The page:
Art Exhibition KS3 Reality Bites

Young Caxton Artist  •  VIII Annual KS3 Art Exhibition. June 2021

Given this year’s continued unusual circumstances, we are very pleased to present in digital format the annual Art Exhibition of our Year 7, 8 and 9 students. Despite the limitations of working outside a specialist classroom this academic year, our students have persisted in their artistic creation, showing us their ability to observe, adapt and grow.

The Foundation Drawing Course

At the beginning of Caxton Secondary Art education, we introduce a focus on drawing through really looking, and not drawing what we assume to be there: perception with real care.

This course was outlined and shared with parents in greater detail in the first term, but hopefully by now the progress will have become more apparent. Examples of the steps that we take to stop pupils from thinking about expectations, but rather to relax and allow their eyes to communicate the shapes seen without preconceptions, are in this collection of work. One of the most difficult aspects of the course is when we try to combine the awareness of proportion and ratios, more mathematical-type thinking, with being open to looking at things as if you have never seen them before and following the eye to hand communication.

We are very pleased with the progress made during the year and how pupils have come to understand the value of covering parts of the work to do it in stages, use grids, work upside down and so forth. This foundation approach, sometimes referred to as ‘Drawing on the Right Side of the Brain’, is returned to frequently in our teaching throughout the school and remains a sound resource for when recording images accurately becomes overwhelming.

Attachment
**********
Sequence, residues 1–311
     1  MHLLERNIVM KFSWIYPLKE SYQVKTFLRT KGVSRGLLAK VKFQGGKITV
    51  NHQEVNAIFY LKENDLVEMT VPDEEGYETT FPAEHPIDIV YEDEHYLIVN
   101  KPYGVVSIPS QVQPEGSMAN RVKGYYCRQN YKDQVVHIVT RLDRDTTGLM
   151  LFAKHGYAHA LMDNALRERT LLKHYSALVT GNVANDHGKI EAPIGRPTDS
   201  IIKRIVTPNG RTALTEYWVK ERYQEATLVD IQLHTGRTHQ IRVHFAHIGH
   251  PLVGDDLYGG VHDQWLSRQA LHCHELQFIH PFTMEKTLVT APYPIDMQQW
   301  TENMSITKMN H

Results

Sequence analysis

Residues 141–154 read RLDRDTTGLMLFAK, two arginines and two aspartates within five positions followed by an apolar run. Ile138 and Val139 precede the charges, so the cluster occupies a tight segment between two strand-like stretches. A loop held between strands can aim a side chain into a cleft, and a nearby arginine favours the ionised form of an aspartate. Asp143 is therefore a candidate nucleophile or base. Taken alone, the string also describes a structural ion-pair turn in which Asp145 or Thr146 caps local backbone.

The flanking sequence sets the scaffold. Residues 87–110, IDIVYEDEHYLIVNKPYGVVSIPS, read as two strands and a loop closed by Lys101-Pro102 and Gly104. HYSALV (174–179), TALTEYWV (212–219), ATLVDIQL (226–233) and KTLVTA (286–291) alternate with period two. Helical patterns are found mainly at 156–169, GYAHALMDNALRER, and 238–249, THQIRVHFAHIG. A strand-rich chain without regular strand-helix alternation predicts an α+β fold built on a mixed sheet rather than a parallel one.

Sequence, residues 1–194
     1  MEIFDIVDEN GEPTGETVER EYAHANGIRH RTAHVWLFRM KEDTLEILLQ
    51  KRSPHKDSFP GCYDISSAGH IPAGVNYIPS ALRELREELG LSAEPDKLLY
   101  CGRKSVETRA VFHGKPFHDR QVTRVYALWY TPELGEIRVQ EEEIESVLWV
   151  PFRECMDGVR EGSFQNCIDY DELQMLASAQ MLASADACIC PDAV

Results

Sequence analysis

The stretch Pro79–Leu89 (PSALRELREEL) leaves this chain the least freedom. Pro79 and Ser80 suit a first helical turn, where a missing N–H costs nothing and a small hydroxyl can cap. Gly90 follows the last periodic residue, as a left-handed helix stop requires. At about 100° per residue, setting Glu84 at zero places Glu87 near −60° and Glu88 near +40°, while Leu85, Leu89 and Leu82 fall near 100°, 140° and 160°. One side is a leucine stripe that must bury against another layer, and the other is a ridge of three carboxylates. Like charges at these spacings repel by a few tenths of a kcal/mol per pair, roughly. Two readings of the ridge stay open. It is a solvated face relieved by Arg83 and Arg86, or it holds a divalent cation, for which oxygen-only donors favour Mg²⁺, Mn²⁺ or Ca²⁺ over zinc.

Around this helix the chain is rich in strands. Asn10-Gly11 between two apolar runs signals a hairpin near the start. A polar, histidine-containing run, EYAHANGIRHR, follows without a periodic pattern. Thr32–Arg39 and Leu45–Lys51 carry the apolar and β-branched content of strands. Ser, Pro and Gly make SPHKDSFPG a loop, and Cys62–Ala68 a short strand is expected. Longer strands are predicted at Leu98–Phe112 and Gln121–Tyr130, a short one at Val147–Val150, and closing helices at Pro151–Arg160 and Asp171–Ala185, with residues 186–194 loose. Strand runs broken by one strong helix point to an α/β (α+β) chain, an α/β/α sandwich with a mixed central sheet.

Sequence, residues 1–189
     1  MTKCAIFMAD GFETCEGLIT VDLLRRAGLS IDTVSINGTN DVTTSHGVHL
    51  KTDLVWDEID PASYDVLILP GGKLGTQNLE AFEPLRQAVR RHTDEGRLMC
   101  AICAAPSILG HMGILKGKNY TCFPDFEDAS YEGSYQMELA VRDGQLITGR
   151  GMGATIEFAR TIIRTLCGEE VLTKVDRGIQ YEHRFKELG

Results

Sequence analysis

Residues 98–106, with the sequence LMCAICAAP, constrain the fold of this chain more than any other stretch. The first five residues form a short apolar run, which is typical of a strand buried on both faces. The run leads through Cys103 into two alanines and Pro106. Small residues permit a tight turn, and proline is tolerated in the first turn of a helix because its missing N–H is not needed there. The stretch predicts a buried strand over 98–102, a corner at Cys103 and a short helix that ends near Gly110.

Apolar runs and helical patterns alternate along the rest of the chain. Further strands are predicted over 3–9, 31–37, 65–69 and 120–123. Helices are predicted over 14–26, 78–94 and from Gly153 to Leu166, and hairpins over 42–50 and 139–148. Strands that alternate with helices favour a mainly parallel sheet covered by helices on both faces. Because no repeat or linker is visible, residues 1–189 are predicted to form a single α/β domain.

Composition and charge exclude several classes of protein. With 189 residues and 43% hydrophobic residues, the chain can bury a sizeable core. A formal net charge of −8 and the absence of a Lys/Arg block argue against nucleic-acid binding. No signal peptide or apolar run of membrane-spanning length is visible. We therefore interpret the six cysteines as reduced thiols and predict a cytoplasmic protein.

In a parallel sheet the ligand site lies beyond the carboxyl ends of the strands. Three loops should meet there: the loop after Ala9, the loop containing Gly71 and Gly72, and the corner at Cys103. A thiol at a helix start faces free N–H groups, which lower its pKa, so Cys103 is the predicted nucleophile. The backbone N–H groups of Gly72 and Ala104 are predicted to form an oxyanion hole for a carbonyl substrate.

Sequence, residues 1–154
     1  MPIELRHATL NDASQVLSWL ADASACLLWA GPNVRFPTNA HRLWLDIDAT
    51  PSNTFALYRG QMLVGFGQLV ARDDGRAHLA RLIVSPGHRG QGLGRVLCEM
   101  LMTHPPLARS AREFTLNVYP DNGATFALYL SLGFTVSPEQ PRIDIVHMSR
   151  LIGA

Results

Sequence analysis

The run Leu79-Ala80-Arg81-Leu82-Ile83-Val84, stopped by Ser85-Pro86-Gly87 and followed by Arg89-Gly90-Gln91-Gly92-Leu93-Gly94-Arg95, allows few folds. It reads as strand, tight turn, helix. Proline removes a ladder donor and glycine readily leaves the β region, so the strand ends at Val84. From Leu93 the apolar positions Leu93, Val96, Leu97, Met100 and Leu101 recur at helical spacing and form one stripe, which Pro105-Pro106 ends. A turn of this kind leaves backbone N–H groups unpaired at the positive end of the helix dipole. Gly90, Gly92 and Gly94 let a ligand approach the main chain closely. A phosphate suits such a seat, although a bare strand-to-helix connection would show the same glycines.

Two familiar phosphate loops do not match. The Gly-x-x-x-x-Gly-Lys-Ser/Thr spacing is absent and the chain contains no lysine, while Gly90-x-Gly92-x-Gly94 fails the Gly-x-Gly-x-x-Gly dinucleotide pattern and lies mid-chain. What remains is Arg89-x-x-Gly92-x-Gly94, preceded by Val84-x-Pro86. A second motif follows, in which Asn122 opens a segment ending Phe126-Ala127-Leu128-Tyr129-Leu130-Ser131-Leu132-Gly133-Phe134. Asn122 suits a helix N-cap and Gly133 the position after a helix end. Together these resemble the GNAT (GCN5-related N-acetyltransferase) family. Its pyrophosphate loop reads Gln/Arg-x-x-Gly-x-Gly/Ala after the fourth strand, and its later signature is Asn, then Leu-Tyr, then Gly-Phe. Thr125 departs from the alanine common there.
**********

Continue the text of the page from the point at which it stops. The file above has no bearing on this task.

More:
We hope that the pupils have enjoyed what they have learnt and are proud of their own personal progress, as we are only ever in competition with our former selves and these skills develop through practice.

David S
Pencil on paper.

The curious face. When you copy something you don’t have to even think about it, you just need to draw what you see (right side of your brain). This was supposed to be a tonal work so a blender would come in handy. I have not used any of the helping techniques like drawing upside down, slow reveal, grid method, etc. This is because I felt confident about not using the left side of my brain.

Dina K
Pencil on paper.

I can see you… Making this Art I thought of a real eye, trying to make the eye I’m drawing realistic and make it stare into your soul.

Kexin F
Pencil on paper.

Everywhere’s shape. In order to portray the contrast of light and shadow correctly, I paid attention to the angles of the shapes, their texture, the direction of the light and the order of the elements.

Sara P
Pencil on paper.

This was a piece I completed for homework. I had a great 20 or 30 minutes drawing it. I enjoy drawing and inspiring myself with the assigned work or what I invent in art class.

Carla O
Pencil on paper.

If eyes could speak. This piece of art displays a little girl, made with the grid method of drawing. I was inspired to work on this piece because I’ve been told that the eyes are the mirror of the soul. So, when I looked at her picture, I found purity and I believe that that’s what caught my attention the most.

Sofia K
Pencil on paper.

Grid drawing. I wanted to try to draw something that would be a challenge so I thought that it would be interesting to try to draw a staircase especially knowing the fact that it is in perspective.

Sofía DL
Pencil on paper.

The Cook’s Pepper. It is a great challenge to try and capture the dimensions of food, especially that of fruit and vegetables, properly portraying perspective, shadows, outline/shape etc. On this particular pepper, there were droplets of water, which can be very difficult. The brain wants to draw what it thinks is correct, rather than what it sees, making water especially tough. However, I’m always up for a challenge!

Galyna Z
Pencil on paper.

Urban landscape. I’ve spent a lot of time on this piece as it was quite big and had complicated shading in some places. At the end this piece wasn’t a big problem apart from the sky which surprisingly was the most difficult part of the whole drawing.

Artist Inspired Object

In order to appreciate the wealth of artistic variation through time and cultures, Year 8 students have been focusing on Non-Western Art from around the world and the major art movements of the 20th century.